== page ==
You will see a list of files to play.  Choose (N)etplay and dean.wac to play Dean Martin.  For Windows programs, the prefix http:// is needed whereas for Linux you should not use it.  The Windows program QComWin.zip has a GUI and you can only play the files.   Execute QComWin.exe, choose the HTTP Site and press Directory button to get the selections.   Choose a selection and press Play.  The code is in C++ and uses Microsoft Visual C++ 8.0.  If you want to download the directory structure for the compressed files, click here and download rspq~!~dirs.  This is needed only if you want to feature compressed speech/music on your website.

Linux Platforms

Download the zipped tar file qcomRH71.tgz.   Untar it using the command tar -xvzf qcomRH71.tgz. There will be three directories console, glade, library.  If your operating system is Red Hat 7.1 or BearOps, you can run the file qcom under the console directory.  For other Linux systems, you may have to recompile with GNU compiler.  There are makefiles in each directory.  To make files for glade, you need the make from GNU (Ver. 3.79).

The console program will allow compression and playing of compressed files on the internet.  There is a Help option which explains what to do.  To play files on the internet, execute ./qcom, choose the (S)ite option by pressing the key 's' and type in:

www.rspq.org/rspq

You will see a list of files to play.  Choose (N)etplay and dean.wac to play Dean Martin.  For Windows programs, the prefix http:// is needed whereas for Linux you should not use it.

The program qcom in glade/src directory has a GUI and you can only play the files.  Execute ./qcom, choose the HTTP Site and press Directory button to get the selections.  Choose a selection and press Play.  The code uses Glade development tools and GNU C compiler.  If you want to download the directory structure for the compressed files, click here and download rspq~!~dirs.   This is needed only if you want to feature compressed speech/music on your website.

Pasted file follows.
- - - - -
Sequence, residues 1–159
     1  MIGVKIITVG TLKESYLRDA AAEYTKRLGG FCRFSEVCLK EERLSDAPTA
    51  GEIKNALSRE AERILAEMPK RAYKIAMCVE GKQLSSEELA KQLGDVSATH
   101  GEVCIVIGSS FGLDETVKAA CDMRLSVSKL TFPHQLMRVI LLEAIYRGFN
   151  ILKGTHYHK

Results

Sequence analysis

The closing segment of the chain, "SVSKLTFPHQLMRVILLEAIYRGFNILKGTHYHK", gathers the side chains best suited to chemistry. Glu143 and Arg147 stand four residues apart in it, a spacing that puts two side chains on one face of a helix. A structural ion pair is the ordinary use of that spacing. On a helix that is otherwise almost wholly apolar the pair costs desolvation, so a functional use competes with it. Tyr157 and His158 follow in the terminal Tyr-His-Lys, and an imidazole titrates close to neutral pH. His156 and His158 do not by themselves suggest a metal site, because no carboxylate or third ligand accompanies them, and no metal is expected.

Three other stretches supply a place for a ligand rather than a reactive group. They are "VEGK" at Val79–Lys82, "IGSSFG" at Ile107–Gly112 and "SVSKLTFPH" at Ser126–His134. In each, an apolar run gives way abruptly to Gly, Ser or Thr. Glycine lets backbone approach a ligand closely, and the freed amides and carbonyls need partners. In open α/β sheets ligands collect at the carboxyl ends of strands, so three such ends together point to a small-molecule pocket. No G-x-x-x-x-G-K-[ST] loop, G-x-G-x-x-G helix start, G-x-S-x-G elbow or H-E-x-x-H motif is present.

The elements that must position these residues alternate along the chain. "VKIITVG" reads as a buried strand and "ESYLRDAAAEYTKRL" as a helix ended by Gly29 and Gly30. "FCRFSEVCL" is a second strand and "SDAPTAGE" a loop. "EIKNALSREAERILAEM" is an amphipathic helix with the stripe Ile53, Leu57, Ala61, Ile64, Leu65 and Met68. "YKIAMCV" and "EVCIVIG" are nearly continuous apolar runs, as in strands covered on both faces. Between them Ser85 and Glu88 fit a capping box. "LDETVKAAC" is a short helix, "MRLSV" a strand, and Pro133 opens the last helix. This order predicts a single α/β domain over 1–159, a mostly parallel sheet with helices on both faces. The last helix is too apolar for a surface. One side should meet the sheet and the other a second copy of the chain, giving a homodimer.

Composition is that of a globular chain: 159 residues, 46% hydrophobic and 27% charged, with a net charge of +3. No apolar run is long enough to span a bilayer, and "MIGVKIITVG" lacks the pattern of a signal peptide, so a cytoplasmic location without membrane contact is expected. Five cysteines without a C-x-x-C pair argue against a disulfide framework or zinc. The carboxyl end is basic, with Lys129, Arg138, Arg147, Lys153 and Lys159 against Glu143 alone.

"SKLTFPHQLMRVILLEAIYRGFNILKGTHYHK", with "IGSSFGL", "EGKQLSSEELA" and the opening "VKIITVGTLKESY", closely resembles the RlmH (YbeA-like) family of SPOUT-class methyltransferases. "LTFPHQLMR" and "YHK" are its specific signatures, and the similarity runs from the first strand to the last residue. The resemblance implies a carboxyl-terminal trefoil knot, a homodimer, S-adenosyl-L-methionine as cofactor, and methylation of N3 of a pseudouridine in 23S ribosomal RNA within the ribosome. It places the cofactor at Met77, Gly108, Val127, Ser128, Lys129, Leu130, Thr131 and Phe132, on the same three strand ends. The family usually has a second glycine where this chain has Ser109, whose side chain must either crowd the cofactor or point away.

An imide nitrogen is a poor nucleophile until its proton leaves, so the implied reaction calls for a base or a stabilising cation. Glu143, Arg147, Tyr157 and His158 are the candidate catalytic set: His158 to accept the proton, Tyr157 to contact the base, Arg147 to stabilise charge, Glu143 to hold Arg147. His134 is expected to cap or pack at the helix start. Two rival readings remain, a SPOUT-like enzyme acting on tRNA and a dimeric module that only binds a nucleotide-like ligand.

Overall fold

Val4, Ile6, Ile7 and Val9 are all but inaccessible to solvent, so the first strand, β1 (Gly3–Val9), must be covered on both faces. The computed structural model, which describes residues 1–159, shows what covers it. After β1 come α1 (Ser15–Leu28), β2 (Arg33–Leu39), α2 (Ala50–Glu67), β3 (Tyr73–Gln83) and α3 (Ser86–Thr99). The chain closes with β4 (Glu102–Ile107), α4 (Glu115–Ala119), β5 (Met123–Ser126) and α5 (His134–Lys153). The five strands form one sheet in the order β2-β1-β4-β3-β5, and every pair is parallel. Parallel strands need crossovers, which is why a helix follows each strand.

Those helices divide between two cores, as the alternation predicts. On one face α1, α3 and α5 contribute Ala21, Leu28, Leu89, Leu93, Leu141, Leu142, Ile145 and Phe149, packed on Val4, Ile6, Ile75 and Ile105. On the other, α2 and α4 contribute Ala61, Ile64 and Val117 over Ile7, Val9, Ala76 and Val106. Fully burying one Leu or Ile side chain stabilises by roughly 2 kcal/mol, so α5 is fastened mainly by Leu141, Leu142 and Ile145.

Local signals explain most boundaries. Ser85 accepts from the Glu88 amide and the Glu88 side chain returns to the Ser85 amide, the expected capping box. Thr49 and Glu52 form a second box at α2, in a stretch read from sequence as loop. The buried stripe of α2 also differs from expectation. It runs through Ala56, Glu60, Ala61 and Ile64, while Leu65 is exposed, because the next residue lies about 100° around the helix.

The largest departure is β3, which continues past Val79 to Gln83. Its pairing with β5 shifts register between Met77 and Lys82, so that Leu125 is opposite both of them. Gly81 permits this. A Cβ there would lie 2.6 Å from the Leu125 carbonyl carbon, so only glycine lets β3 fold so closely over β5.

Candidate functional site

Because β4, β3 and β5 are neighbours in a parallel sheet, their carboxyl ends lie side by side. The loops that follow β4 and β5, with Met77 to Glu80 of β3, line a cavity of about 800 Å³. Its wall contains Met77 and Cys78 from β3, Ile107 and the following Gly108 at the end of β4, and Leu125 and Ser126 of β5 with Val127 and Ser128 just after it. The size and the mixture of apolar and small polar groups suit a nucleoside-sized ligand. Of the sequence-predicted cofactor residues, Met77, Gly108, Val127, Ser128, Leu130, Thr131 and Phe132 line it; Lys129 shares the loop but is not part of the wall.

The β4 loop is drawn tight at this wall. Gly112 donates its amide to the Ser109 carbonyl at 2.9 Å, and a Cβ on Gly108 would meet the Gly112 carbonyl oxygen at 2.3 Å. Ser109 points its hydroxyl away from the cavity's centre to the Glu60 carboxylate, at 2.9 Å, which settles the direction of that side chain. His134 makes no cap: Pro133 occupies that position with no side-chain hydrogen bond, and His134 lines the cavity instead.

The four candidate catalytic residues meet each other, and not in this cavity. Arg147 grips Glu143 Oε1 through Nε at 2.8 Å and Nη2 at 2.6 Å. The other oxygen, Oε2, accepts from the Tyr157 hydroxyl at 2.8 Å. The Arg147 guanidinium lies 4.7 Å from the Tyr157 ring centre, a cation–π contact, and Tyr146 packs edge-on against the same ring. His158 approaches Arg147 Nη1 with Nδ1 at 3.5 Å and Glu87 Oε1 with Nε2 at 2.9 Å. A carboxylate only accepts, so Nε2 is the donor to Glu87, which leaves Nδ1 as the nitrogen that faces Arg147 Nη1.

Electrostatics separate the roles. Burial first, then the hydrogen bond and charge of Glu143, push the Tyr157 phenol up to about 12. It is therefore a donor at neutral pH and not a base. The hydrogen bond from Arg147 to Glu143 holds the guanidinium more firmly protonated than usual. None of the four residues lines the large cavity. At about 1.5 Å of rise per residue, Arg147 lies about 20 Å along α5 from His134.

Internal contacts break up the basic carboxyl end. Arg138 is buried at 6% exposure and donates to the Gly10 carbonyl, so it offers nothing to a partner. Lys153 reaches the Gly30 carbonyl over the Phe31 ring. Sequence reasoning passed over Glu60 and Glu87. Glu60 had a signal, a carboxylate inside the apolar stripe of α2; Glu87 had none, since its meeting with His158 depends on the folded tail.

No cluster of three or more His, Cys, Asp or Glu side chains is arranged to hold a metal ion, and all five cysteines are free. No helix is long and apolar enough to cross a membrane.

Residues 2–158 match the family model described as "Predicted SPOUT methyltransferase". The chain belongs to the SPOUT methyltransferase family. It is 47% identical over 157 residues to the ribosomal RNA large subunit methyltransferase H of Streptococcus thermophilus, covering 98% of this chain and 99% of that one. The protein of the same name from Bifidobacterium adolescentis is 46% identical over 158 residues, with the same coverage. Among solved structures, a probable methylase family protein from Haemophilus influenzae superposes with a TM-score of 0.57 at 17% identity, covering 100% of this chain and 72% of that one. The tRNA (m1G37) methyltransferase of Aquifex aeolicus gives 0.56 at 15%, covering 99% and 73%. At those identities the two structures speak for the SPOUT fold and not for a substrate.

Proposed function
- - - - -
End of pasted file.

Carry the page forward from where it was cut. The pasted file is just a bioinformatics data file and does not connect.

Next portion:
Linux systems provide drivers only for certain speech cards (like Sound Blaster) and you may get a message that your speech driver may not be able to play 16-bit stereo.  In this case you may have to get an OSS/Linux driver from http://www.OpenSound.com for your card, install it and run the above application.  It may cost around $50 and is well worth the effort and frustration to make your card otherwise work.

BSD Platforms

Download the zipped tar file qcomFBSD.tgz for Free BSD or qcomOBSD.tgz for Open BSD.   Untar it using the command tar -xvzf. There will be three directories console, glade, library.  If your operating system is Free BSD or Open BSD, you can run the file qcom under the console directory.  For other BSD systems, you may have to recompile with GNU compiler.  There are makefiles in each directory.  To make files for glade, you need the make from GNU (Ver. 3.79).

The console program will allow compression and playing of compressed files on the internet.  There is a Help option which explains what to do.  To play files on the internet, execute ./qcom, choose the (S)ite option by pressing the key 's' and type in:

www.rspq.org/rspq